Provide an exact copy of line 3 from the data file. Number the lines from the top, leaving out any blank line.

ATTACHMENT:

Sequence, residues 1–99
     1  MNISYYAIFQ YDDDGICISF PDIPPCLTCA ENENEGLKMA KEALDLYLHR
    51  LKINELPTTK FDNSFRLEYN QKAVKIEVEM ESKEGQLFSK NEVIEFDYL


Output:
    51  LKINELPTTK FDNSFRLEYN QKAVKIEVEM ESKEGQLFSK NEVIEFDYL